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Lawmakers Unveil a Bill to Legalize Medical Marijuana in Ohio

Photo of the task force

After months of testimony, the Ohio House’s task force studying the legalization of medical marijuana has made its recommendations. As Ohio Public Radio’s Jo Ingles reports, a bill will be introduced later this week that would allow a path for medical marijuana use in the Buckeye state.

Six months ago, Jimmy Gould was backing the proposed constitutional amendment that would have legalized medical and recreational marijuana if Ohio voters approved it. But voters rejected it by nearly a 2-1 margin. Now, as a member of the Ohio House’s task force on medicinal pot, Gould is praising new legislation coming out of that effort.

“It will be, I think, the best medical marijuana bill in the United States of America.”

Public input
The bill comes out of a series of hearings where more than 100 people testified both for and against medical pot.  Republican Rep. Kirk Schuring of Stark County says the bill creates a nine-member medical marijuana control commission and lays out other specifics on how a medical marijuana plan would work in Ohio. For example:  Schuring says only licensed doctors will be allowed to recommend medical marijuana under certain conditions.

Photo of Schuring
Credit Ohio Statehouse
Schuring was named chairman of the task force, which was formed after a move to legalize recreational and medical marijuana in Ohio failed.

“Physicians who are certified under that medical marijuana control commission will have to report every 90 days on the type of patients they have recommended medical marijuana to, the types of conditions their patients are suffering and why they recommended medical marijuana in lieu of more conventional forms of medicine and what forms of medical marijuana they also recommended.” 

No home-grown products
Schuring says home grown marijuana will not be allowed. He says businesses that have drug policies for workers will still be able to enforce those policies. Democratic State Sen. Kenny Yuko, a longtime advocate for medical marijuana, is optimistic.

“This is the way legislation is supposed to work.”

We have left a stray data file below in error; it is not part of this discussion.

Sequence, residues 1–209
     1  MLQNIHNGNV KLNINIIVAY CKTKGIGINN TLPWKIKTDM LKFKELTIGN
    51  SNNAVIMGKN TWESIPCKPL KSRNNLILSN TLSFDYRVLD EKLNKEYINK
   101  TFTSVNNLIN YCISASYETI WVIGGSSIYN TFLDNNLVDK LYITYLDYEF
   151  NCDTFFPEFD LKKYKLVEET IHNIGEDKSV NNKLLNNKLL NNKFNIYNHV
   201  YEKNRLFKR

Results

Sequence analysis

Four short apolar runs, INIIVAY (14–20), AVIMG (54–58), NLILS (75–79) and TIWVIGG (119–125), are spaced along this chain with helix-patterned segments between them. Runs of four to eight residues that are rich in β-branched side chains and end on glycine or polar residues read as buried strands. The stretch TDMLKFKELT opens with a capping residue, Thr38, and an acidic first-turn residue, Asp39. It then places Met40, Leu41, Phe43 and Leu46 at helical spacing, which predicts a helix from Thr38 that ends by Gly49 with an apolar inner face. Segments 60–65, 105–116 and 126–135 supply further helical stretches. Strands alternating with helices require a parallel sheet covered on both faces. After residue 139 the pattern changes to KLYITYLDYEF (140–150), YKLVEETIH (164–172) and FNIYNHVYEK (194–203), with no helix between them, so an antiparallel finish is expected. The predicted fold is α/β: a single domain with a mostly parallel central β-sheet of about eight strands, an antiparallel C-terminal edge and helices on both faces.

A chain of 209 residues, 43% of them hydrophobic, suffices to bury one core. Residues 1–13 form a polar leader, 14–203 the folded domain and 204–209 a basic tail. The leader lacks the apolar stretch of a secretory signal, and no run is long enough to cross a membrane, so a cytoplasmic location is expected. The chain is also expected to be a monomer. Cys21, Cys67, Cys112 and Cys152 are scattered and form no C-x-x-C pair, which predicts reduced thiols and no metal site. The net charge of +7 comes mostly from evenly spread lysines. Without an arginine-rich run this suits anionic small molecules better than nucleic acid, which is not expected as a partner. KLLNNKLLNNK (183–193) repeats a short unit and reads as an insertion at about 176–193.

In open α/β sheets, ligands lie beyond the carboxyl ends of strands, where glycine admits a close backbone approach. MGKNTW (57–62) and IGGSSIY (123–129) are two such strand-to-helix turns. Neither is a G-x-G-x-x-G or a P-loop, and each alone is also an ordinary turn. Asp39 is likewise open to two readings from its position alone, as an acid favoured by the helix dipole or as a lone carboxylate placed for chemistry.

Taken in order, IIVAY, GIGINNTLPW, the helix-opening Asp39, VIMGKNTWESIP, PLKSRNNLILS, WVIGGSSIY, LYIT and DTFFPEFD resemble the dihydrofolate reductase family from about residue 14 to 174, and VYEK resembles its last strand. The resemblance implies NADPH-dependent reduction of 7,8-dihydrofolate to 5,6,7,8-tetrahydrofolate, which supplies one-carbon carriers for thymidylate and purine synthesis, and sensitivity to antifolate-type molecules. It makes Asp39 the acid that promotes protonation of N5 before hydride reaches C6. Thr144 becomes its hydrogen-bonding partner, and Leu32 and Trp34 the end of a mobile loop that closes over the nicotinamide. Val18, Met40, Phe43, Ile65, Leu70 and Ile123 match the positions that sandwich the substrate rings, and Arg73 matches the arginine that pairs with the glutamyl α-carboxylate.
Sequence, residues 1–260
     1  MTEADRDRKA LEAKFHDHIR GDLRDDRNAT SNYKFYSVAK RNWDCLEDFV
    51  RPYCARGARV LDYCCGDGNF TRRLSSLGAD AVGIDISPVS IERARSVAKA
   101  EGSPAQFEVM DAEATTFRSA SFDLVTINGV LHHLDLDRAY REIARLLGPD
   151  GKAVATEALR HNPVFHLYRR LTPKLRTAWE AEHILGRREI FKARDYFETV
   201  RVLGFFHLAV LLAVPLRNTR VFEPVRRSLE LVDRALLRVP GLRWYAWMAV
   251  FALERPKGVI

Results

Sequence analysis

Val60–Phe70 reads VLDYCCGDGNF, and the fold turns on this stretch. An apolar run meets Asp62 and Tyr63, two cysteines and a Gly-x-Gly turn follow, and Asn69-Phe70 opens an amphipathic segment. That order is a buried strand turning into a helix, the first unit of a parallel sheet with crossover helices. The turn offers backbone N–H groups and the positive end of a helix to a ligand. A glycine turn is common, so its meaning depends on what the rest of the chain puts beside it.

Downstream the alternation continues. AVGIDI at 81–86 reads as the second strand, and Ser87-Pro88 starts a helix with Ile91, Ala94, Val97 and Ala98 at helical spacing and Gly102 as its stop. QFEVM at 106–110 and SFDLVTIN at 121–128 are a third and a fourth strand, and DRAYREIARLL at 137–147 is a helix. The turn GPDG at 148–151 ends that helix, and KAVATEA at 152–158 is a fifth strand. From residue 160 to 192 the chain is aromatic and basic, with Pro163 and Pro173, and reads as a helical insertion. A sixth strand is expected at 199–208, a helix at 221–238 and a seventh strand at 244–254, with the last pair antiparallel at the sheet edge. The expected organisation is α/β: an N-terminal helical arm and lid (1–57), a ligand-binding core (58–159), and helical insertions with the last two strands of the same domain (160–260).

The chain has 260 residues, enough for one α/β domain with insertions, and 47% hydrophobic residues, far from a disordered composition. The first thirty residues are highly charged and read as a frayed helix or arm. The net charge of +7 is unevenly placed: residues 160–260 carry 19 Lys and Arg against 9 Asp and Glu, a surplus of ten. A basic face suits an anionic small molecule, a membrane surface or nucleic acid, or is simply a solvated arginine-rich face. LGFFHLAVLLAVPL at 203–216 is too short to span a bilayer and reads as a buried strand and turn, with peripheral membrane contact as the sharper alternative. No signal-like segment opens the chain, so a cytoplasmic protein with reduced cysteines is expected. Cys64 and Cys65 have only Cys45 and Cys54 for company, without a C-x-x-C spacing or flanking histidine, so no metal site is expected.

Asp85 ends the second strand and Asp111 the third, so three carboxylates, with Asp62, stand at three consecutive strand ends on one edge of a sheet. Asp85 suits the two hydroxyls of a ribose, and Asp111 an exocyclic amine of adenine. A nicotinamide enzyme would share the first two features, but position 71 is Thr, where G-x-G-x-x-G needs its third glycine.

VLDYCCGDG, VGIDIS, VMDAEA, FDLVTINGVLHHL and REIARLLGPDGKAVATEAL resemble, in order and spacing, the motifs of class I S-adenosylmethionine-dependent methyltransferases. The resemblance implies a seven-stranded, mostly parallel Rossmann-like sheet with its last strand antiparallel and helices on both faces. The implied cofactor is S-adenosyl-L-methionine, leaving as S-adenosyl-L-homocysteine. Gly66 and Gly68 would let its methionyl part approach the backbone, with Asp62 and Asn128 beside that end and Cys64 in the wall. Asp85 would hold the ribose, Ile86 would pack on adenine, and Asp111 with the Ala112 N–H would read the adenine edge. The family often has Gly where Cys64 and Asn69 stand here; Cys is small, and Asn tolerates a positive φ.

Photo of Kenny Yuko
Yuko, a Democrat and legalization advocate, says the system is working as it should.

Buy-in from other former foes
Republican former Attorney General Betty Montgomery, an outspoken opponent of the plan last fall, also likes this legislative plan. She says attorneys general from around the country have advised this legislative route to legalizing medical cannabis.

“They have all said, ‘Don’t proceed where you are inflexible because you are going to have things come up that you are going to be able to adjust to.’”

A lack of trust
Some groups, however, don’t trust the Ohio Legislature to come up with a medical marijuana plan that will meet the needs of patients. Mason Tvert is with a group called Ohioans for Medical Marijuana. It’s backed by an organization that’s passed medical marijuana laws in other states. Tvert’s group is gathering petition signatures now to put its issue on the ballot this fall.

“It would be foolish to wait around and expect the Legislature to accomplish something it hasn’t accomplished for the past two decades. We are going to move forward, and if the Legislature, in the meantime, passes a good law, we can re-evaluate this later.”

Tvert says sick Ohioans cannot wait. Another group that wants to pass a medical marijuana provision will appear before the ballot board just hours from now to get approval for another petition. And that group also hopes its plan will be on the statewide ballot this fall.

Jo Ingles is a professional journalist who covers politics and Ohio government for the Ohio Public Radio and Television for the Ohio Public Radio and Television Statehouse News Bureau. She reports on issues of importance to Ohioans including education, legislation, politics, and life and death issues such as capital punishment. Jo started her career in Louisville, Kentucky in the mid 80’s when she helped produce a televised presidential debate for ABC News, worked for a creative services company and served as a general assignment report for a commercial radio station. In 1989, she returned back to her native Ohio to work at the WOSU Stations in Columbus where she began a long resume in public radio.